This study examined the rate of binocular photophobia in intermittent exotropia patients before surgical correction, and the factors affecting this rate. The study also investigated the factors affecting postsurgical disappearance of binocular photophobia.
The study involved 162 basic type intermittent exotropia patients who underwent surgical correction between March 2001 and January 2006. The study did not include patients with entropion, congenital cataract, or retinal abnormalities. Parents of the patients were questioned to determine which patients had monocular eye closure in bright light and which had disappeared after bilateral lateral rectus recession. Data was analyzed to determine the factors affecting monocular eye closure before surgery and disappearance after surgery.
Of 162 patients, 96 patients had binocular photophobia (60.2%). Photophobia was found to be associated with an angle of exodeviation at distance >25 Prism Diopter (Δ) (p = 0.02), and stereoacuity worse than 60 s (p = 0.02). We defined satisfactory surgical outcome as a deviation of <10 Δ. Of the 81 patients with satisfactory outcomes, 46 showed disappearance of binocular photophobia (53.5%). No factor was found to be associated with loss of binocular photophobia.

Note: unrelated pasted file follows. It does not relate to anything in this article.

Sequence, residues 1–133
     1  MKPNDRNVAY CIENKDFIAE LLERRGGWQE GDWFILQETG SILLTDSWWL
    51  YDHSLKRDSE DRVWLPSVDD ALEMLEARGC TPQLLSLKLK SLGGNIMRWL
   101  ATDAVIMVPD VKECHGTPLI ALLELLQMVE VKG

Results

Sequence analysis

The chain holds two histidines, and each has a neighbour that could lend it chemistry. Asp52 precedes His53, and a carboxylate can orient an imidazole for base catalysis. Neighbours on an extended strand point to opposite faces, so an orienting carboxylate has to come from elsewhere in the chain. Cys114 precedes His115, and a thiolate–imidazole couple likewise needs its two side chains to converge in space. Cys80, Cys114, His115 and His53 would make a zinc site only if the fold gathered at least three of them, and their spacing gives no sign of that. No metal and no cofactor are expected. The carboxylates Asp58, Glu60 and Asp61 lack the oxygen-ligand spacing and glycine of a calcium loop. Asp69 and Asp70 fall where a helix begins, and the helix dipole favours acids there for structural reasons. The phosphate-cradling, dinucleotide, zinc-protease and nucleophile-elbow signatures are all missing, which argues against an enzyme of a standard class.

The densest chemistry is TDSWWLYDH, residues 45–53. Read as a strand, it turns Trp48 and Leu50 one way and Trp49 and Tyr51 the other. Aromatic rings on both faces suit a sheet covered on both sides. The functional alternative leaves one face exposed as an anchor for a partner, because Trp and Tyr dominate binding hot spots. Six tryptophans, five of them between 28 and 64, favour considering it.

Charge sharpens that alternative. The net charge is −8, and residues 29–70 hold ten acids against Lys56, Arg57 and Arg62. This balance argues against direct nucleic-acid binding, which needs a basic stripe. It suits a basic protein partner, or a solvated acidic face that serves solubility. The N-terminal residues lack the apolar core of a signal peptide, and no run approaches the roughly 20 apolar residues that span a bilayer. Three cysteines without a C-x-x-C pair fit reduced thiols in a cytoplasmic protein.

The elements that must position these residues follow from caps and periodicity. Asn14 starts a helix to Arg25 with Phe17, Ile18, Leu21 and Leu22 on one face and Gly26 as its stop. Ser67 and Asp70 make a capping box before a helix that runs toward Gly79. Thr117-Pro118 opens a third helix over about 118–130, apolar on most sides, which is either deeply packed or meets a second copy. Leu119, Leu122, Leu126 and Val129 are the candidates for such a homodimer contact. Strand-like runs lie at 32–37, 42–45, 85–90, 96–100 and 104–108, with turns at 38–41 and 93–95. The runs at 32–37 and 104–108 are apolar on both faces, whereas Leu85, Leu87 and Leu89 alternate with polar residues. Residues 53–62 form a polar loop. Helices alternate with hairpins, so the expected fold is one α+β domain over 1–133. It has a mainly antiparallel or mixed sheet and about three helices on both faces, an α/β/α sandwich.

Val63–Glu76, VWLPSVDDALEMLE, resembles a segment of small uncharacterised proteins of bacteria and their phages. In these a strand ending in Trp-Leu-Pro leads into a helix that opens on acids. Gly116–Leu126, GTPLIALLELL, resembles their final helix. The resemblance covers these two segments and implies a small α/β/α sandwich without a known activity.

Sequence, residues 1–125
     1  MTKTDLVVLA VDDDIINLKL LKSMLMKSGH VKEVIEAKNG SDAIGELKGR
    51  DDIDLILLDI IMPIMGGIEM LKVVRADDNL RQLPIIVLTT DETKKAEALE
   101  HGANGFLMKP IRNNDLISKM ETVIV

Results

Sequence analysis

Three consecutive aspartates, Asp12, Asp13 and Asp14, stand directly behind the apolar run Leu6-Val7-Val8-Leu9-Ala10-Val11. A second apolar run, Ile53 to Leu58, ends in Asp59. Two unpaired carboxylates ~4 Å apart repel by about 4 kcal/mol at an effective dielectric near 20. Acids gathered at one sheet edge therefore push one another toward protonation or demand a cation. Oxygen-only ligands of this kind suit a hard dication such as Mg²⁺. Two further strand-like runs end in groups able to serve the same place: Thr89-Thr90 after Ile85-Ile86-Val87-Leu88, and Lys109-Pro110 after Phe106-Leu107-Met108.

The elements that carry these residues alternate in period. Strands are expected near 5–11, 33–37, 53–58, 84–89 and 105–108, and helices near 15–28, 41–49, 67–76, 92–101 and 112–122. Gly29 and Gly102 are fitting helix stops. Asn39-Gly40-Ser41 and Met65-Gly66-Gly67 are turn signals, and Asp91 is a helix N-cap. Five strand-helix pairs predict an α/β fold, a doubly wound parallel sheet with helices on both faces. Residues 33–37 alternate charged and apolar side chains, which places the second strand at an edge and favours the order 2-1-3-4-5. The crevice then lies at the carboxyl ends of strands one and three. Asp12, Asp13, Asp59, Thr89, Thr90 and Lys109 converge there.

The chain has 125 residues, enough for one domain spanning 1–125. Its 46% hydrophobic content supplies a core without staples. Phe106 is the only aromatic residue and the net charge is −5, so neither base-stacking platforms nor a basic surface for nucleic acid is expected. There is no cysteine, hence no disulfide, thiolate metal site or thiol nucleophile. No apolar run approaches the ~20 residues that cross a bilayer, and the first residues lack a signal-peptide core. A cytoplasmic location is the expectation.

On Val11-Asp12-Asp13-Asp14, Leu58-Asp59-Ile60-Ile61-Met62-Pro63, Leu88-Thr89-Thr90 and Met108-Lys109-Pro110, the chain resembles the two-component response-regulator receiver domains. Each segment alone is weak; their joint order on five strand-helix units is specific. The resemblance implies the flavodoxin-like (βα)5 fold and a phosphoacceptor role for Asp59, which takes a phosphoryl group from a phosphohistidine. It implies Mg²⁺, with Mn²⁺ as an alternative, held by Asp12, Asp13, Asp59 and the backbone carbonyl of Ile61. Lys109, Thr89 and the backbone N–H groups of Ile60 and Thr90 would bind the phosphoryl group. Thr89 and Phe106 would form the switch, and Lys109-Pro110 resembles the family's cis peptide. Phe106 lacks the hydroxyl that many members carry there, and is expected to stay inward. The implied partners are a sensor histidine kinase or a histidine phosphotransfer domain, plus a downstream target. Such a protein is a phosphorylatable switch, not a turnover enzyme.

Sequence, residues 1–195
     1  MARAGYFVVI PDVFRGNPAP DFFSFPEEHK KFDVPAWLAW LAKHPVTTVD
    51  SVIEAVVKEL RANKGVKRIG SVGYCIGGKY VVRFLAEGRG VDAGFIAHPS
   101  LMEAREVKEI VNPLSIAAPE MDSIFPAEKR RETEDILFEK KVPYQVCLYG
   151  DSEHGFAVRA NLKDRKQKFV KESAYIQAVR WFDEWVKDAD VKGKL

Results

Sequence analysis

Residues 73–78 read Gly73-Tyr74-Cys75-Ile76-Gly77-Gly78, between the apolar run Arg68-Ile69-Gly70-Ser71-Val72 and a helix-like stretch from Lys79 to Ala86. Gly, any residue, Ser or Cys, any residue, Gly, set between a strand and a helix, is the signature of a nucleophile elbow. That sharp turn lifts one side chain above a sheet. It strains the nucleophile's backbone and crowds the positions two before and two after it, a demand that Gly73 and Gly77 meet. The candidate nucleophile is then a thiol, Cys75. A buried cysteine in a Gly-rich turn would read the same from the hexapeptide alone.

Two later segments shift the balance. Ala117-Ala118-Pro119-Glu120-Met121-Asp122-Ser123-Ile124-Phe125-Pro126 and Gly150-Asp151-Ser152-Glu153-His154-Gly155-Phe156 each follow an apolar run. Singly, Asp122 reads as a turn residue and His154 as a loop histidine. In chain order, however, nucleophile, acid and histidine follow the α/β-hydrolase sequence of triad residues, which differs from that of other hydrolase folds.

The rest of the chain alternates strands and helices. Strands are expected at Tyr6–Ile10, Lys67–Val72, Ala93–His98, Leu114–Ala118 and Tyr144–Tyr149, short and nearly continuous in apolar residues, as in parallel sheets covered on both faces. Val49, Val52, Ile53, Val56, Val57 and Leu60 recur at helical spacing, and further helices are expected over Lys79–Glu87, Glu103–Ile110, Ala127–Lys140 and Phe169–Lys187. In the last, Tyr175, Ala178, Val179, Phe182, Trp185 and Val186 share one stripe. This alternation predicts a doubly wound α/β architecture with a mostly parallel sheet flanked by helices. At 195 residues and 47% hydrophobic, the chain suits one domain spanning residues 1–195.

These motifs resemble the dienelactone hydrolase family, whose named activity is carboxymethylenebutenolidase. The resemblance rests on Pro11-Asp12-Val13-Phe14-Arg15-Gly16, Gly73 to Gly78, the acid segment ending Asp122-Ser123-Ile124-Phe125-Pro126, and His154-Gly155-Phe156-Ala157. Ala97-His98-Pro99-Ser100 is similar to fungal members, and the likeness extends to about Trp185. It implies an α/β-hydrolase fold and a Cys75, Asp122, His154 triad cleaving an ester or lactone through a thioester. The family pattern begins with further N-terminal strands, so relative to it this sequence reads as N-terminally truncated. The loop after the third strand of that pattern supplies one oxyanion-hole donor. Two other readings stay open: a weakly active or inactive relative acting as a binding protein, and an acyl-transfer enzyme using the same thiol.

The angle of strabismus and stereoacuity were found to affect the occurrence of binocular photophobia. Successful surgery treated binocular photophobia in 53.5% of patients. Regardless of the surgical result, clinicians should educate patients in terms of the possibility of persistence of postsurgical photophobia.